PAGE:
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AEC employees are staying with firms that invest in their brand

Market Data

AEC employees are staying with firms that invest in their brand

Hinge Marketing’s latest survey explores workers’ reasons for leaving, and offers strategies to keep them in the fold.

By John Caulfield, Senior Editor | March 7, 2023
A new study breaks down AEC employees by their eagerness to find new jobs. Charts: Hinge Marketing
Nearly half of AEC workers responding to a recent Hinge Marketing survey are either actively looking for a new job, or are at least thinking about it. Charts: Hinge Marketing

Between January 2021 and February 2022, nearly 57 million people in the U.S quit their jobs. The average quit rate between August and December of last year was 4-4.1 million per month. In the construction sector alone, the quit rate during those five months ranged from 138,000 to 208,000 per month, according to Census Bureau estimates.

The so-called Great Resignation “was a wakeup call, in one sense” for America’s businesses and economy that continues to resonate. However, AEC firms have tended to respond to this phenomenon instead of measuring its impact.

That’s the assessment of Karl Feldman, a partner with Hinge Marketing, a research-based branding and marketing firm headquartered in Reston, Va. Hinge has been tracking employee satisfaction, and its latest study explores why people leave their jobs, based on responses to a poll of AEC workers at different career levels from 120 firms with combined revenue of over $8 billion. The polling was conducted between late August and late November 2022.

Forty-four percent of respondents were “mid career,” and another 28 percent were at “leadership” levels, such as directors or vice presidents. More than half of the respondents worked for firms with at least 200 employees each.

The survey found that only a relatively small percentage of workers is actively looking for a new job. But the survey also found that talent is most likely to start coveting greener pastures in mid-career, three to five years into their current jobs. Nearly half of AEC employees are on the fence about their companies, neither satisfied nor dissatisfied; however, more than half of AEC workers who had quit in the previous 12 months cited two factors—a poor company culture or frustration with its leadership—among their reasons for bolting.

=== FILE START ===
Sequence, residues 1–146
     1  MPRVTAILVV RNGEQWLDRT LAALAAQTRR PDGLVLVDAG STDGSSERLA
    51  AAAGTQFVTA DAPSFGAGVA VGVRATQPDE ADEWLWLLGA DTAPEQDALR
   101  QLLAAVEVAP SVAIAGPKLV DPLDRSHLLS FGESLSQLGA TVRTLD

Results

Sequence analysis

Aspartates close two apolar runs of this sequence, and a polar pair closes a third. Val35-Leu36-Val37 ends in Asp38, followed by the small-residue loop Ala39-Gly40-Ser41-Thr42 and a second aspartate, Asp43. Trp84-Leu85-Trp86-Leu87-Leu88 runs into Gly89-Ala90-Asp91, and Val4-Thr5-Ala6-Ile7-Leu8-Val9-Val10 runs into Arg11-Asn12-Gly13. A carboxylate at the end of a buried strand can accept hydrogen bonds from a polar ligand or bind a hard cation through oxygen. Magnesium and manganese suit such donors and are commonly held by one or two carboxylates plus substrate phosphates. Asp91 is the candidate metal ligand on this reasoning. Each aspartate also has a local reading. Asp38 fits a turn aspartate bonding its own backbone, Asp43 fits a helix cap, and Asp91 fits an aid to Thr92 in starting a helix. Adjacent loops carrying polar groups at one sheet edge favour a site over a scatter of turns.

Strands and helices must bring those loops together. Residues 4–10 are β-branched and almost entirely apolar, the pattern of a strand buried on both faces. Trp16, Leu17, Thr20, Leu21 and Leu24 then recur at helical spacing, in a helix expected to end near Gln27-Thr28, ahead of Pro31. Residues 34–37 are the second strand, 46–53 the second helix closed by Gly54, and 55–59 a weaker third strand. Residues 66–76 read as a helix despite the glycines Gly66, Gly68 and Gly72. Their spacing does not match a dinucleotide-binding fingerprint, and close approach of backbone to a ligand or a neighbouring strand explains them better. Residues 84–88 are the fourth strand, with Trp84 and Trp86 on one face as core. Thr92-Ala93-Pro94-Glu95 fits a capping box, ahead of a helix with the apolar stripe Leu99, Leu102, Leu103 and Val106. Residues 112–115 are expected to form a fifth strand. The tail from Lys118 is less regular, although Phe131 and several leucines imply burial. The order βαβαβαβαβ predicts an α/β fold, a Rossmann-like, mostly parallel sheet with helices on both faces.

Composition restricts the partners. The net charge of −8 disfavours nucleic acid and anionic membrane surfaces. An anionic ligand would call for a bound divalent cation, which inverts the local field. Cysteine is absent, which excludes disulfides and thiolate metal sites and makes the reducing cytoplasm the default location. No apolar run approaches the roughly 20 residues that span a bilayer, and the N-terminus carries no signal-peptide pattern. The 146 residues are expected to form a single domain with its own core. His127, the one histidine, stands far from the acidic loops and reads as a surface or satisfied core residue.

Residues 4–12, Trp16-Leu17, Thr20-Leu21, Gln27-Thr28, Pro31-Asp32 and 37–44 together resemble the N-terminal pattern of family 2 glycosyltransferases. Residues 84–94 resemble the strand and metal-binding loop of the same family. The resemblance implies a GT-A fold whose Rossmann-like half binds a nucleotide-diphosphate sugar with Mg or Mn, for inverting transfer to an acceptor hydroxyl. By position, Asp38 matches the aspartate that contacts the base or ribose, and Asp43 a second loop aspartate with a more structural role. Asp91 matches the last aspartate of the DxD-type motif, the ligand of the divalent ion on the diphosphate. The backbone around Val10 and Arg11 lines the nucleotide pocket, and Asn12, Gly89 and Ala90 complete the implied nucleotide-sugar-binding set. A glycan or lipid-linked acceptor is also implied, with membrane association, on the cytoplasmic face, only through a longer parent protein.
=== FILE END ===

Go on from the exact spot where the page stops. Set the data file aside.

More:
Talent leaves companies because they don't feel connected or listened to.
Talent decides to leave AEC firms out of discontent with management or because they don't feel a cultural fit.

Feldman observes that many businesses still perceive “culture” as sounding “fluffy.” But, he explains, culture is essentially about how a company gets things done. “That’s the question that talent is asking about companies,” he says, and the answers better be “genuine.”


Most employees are on the fence about their workplace
Most employees are dispassionate about their workplaces.

Show and tell

Feldman says that technology and organizational support are the “great equalizers” in corporate America. “The days of rainmakers are gone,” he believes. That being said, Feldman observes that employees expect their companies to invest in their “brands,” in ways that burnish their reputations and visibility. “Folks who stand out from the ‘beige’ are going to have an edge.”

The problem with the AEC sector, says Feldman, is that it’s still behind the curve using automation tools that can aggregate data to understand what employees expect and want. He wonders, for example, how many AEC firms can describe what their ideal job candidate are? Or how many firms are set up to tutor younger-generation employees who, Feldman says, are eager to learn from mentors?


Ways that companies can communicate their cultures
There are myriad ways that AEC can showcase their culture to employees.

The survey found that mid-career and leadership employees alike want to feel confident that their voices are being listened to. But on a range of what’s important to them, mid-career workers aren’t keen on wearing too many job hats, whereas leaders require the option and tools to work efficiently from remote locations.

Hinge’s study offers AEC firms six strategies for keeping talent corralled. The first advises them to get to know their employees better at their mid-career levels. Companies should also conduct self-assessments of their brands, “tune” and communicate their cultures, showcase their employees’ expertise, introduce job candidates to their teams, and secure whatever “accelerants” a company needs to retain and expand their talent.

“Mid-level leadership is looking for a good home, but also wants to grow,” says Feldman. What companies need to ask themselves is “will we be more visible and credible” to retain employees they want to keep?

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